How Do You Know that Defibrillators are Working Properly?
In general, a good quality ICD device is built to last for around five to seven years; however, it is recommended that you review or test the device on a regular basis to ensure that everything is still working properly regarding the battery and programming. The procedure that heart doctors use to check the defibrillators vary; some doctors can observe this while you are at home via a remote monitoring system over an internet or phone connection, which is extremely useful during Covid 19. The process is not complicated as the manufacturer provides all the necessary equipment. Your doctor is also going to recommend device checks in person so that they can monitor your overall health, heart condition, and the battery of the ICD. If any adjustments need to be made to ICDs, they need to be done by a trained medical professional in person, with the aid of a device programmer.
What functions need to be checked to ensure that the quality of the ICD meets the desired standard? The lead wire connection and battery life are two essential factors to look for, amongst various other factors. During the test, the doctor places the ICD to a programmer while using a wand that they put on the patient’s skin over the ICD. It is a non-invasive clinical and health practice that you do not have to stress about.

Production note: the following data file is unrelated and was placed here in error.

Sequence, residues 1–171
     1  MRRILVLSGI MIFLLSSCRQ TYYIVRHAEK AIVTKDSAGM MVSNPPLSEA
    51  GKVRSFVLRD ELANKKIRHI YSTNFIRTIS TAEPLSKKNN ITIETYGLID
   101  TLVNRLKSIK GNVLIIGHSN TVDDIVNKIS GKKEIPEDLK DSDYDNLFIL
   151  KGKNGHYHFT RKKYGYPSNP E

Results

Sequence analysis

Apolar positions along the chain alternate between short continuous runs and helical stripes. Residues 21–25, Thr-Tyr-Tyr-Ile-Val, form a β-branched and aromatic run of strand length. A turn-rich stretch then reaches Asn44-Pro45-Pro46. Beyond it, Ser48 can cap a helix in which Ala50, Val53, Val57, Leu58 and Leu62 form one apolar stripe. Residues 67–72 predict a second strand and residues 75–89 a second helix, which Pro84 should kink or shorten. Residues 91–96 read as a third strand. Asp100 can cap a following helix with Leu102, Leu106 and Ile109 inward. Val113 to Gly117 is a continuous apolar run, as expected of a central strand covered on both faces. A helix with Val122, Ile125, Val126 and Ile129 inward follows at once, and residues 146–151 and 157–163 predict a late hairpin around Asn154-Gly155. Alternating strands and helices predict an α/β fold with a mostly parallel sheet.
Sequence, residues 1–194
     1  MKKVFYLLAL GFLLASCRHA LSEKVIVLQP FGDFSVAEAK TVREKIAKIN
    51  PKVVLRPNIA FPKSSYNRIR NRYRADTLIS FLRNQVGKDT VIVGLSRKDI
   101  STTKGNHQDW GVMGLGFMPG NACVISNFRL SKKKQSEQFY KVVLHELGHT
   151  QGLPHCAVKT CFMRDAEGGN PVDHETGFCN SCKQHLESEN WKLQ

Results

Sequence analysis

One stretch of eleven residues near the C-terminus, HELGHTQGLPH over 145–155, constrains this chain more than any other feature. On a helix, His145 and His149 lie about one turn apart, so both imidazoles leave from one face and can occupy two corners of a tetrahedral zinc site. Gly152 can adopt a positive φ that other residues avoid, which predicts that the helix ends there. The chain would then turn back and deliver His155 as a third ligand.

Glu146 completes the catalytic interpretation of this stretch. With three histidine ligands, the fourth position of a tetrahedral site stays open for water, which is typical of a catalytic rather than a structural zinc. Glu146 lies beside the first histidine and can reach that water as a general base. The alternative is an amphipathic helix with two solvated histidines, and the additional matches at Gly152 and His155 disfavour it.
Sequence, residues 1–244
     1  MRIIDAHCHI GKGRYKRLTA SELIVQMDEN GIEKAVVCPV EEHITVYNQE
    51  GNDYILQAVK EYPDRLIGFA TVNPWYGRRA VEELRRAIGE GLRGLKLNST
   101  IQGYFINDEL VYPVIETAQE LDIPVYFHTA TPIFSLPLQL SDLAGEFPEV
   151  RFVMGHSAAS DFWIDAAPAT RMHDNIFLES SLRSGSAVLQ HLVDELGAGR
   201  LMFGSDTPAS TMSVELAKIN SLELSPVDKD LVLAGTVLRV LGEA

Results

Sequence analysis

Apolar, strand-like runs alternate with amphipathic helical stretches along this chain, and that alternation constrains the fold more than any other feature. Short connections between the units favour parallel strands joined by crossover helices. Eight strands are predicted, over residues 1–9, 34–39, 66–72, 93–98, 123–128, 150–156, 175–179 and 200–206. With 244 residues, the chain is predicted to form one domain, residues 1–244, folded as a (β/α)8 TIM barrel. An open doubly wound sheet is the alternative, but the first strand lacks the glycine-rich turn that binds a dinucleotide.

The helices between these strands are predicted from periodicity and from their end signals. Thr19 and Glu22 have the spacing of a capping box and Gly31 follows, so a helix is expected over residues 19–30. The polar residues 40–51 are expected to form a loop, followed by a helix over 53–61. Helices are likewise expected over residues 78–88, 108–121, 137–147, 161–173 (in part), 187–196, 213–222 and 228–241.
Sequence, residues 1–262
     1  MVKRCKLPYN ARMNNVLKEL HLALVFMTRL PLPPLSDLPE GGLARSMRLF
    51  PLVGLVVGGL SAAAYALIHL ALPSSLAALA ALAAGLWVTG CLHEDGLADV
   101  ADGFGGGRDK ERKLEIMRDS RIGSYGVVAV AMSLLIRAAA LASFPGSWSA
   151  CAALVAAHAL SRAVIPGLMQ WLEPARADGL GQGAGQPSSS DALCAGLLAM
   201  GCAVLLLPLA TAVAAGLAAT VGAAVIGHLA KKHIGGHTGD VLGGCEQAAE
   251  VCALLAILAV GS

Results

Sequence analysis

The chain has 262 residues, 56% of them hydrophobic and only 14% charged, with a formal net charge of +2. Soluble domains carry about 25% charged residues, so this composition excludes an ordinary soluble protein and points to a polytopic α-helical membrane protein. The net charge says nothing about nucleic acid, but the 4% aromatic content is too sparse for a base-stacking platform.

Your doctor may also check your pulse rate at specific intervals. If you notice any symptoms or abnormal activity that you used to experience before the ICD implantation, it is vital that you report it to your medical provider or heart doctor immediately. For more information on this, you can search the web page or site of the American Heart Association.
The Bottom Line
When you experience an implantable cardioverter defibrillator, ICD, shock, it can be an awful reminder about one’s heart condition or the fear of sudden cardiac death. Despite the side effects, an ICD device is still the best and most efficient treatment when you have to restore a normal heart rhythm and prevent cardiac arrest. You can still beat the negative impacts and search for a good quality of life after dealing with an ICD shock to the heart.
It is possible to plan for the shock. Call your family members, friends, healthcare team, or significant other to help you prepare for the ICD chest shock. It is time to engage in pre and post-shock coping techniques and strategies if you do not want the side effects of an implantable cardioverter defibrillator to affect the quality of your life going forward.
The American Heart Association web page or site advises that you consult with your heart doctor on any matters that concern you regarding ICDs, their side effects, and ventricular heart conditions.